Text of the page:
Chávez has decided to take away the broadcast license of this channel because they have committed crimes. Is it okay for a media to commit crimes? Should there not be punishment if they commit a crime? The channel has repeatedly distorted and lied about the reality in Venezuela. But, MOST OF ALL, they were involved in a 2002 coup against Chávez which overthrew him for 48 hours. Their manipulation made the entire country believe that the government had fired on innocent protesters, when that was a total lie.

    Then, two days later, the people took to the streets to demand the return of their popular leader, in one of the most historic events of Venezuelan history. What did this channel do? They refused to give the event any coverage, and they acted like everything was normal in the city while the streets were filled with Chávez supporters.

    As the president was brought back to power by the people, this channel claimed that nothing was happening in the country.

    Media should respond to the interests of the people, not to the interests of the wealthy corporate bosses.

    Reply
  • 4. Graham Martin  |  Wednesday, 25th April 2007 at 16:17 UTC

    Well, I’m glad to see this ‘other side’ point of view on here, though I still disagree. Yes, the corporate media are not to be trusted, but what you have failed to do is explain how Venezuela’s public media is any more participatory. I’m also aware that Chavez is quite controlling of the public broadcasting outlets; much more so than Blair is with the BBC.

    If individuals within the station have backed the coup, then those individuals are of course guilty of crimes, and should be tried in accordance with the law of the land: I’d assume they’d be jailed. However, when you come to silencing dissent (though maybe disinformation is a little different, but both are going on here) then you have a major problem on your hands. How far is too far?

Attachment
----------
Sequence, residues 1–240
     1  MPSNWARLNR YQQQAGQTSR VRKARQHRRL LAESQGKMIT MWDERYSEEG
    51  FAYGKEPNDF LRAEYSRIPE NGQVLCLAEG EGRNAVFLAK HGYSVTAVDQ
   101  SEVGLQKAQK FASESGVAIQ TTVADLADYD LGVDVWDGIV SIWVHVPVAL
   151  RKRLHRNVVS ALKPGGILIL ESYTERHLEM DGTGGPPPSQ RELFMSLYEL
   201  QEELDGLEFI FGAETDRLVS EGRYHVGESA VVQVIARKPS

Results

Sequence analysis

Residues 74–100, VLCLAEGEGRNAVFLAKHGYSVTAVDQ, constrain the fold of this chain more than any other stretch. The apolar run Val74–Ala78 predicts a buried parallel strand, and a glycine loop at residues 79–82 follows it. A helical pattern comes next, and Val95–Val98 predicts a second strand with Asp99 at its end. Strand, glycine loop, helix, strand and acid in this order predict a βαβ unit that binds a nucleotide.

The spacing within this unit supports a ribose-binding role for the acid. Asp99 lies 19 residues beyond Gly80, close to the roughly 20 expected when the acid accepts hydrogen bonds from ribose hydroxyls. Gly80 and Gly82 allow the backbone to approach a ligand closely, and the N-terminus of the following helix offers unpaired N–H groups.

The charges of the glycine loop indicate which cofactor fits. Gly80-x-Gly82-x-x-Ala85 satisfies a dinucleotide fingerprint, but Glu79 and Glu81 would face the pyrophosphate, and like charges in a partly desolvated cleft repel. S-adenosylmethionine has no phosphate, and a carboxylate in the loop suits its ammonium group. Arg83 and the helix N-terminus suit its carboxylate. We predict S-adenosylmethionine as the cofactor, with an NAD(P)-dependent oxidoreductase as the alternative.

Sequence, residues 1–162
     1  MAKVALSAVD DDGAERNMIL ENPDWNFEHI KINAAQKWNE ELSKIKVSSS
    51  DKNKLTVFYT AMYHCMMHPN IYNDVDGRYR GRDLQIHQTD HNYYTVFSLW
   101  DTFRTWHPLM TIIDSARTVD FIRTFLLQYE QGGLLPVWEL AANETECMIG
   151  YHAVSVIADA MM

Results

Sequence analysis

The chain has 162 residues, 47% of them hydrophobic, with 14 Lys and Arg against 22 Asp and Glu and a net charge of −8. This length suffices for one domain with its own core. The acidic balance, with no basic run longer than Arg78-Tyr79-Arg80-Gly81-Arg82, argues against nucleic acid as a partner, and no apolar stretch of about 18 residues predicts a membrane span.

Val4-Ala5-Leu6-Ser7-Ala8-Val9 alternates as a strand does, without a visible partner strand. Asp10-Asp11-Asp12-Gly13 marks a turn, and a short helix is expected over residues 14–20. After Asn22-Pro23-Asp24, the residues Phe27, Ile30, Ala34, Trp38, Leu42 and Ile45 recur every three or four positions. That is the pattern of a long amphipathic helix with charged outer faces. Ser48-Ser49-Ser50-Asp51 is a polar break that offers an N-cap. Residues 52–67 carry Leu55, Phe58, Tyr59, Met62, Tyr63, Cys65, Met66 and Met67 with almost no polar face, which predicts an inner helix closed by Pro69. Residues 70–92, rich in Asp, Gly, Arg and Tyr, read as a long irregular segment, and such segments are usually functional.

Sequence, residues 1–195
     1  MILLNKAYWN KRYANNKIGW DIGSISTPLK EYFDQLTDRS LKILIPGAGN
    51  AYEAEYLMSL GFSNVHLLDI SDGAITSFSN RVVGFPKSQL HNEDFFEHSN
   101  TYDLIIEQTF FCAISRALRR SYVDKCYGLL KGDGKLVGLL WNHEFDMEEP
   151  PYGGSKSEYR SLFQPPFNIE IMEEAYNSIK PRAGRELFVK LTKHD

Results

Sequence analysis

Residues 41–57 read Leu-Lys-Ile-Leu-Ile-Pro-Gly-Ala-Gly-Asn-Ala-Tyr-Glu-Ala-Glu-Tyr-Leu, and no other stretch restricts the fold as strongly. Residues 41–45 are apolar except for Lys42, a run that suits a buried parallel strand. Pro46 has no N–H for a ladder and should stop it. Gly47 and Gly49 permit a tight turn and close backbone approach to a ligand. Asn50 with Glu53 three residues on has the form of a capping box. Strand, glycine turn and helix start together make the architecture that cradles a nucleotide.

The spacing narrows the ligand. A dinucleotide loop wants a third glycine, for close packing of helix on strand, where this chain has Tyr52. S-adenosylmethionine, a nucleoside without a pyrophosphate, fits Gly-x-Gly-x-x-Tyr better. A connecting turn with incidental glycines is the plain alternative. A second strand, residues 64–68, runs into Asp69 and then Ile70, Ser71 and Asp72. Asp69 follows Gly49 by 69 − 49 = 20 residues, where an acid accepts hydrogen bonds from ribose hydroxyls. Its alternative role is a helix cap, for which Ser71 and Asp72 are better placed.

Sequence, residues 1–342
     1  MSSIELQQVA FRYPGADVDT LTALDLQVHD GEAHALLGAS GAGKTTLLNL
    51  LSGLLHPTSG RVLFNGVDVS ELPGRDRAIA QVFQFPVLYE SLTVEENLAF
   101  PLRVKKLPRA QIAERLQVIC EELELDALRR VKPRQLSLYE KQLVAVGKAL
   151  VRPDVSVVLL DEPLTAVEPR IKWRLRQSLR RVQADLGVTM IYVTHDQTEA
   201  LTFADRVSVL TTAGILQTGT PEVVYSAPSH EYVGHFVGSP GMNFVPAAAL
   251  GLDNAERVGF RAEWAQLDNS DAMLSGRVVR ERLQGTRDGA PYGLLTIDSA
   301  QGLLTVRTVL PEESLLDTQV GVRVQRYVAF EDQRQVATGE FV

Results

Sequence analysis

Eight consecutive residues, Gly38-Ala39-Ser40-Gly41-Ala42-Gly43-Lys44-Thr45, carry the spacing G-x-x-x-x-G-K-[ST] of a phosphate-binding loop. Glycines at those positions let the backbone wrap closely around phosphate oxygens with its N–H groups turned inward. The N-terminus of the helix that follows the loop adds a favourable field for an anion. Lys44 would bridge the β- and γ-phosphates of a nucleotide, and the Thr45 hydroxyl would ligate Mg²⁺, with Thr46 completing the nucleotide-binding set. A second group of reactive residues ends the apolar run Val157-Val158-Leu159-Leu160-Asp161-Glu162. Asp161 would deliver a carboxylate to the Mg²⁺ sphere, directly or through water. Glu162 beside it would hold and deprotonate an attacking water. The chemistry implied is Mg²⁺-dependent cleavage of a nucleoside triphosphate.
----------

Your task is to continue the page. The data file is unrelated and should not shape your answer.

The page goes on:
With Chavez investing so much in education (genuine point of praise, by the way) I’m left wondering why the public cannot be left to critically assess the media that they are presented with? Education and personal, rather than national, critical reflection are far more important in a democracy. I don’t see a lot of critical reflection in Venezuela; I see a lot of “we’re obviously right and you’re obviously wrong”. But then maybe thats me.

    On a side note, I was somewhat impressed with Chavez when I saw him, and his description of Bush as the devil at the UN was amazing. I just wish he didn’t do the means and ends thing that has dragged so many others down before him.

    Reply
  • 5. Jonathan  |  Friday, 27th April 2007 at 10:04 UTC

    that the private media in Venezuela (and elsewhere) are anti-democratic and should be opposed is pretty much self-evident, particularly looking at their recent role in Venezuelan politics.

    however, you (gringoinvenezuela) appear to be posing a false binary – either you are in favour of Chavez and his censorship of them, or you support the media and the coup. this is a mistake.

    my concern is less with the “rights” of said media and more with the precedent being set by recent actions. by allowing Chavez to take this kind of action against those he deems a threat, the possibility is opened up for similar future actions against other targets, either by him or by whoever takes over the office of president once he is gone.

    (this, incidentally, is one reason why the support from leftists for some state actions against groups such as the BNP makes me uncomfortable – today Griffin, tomorrow us?)

    ultimately, I really don’t understand how you can go from “I am opposed to the state having the power to shut down media outlets” to “I support the corporate media”. they are two very separate issues and trying to conflate them is dishonest to say the least.

    also, as Graham pointed out above – while corporate media is anti-democratic, state-run media is rarely much better.

    I’m not shedding any tears for the Venezuelan press. that does not prevent me from being concerned about some of the actions being taken by Chavez.

    Reply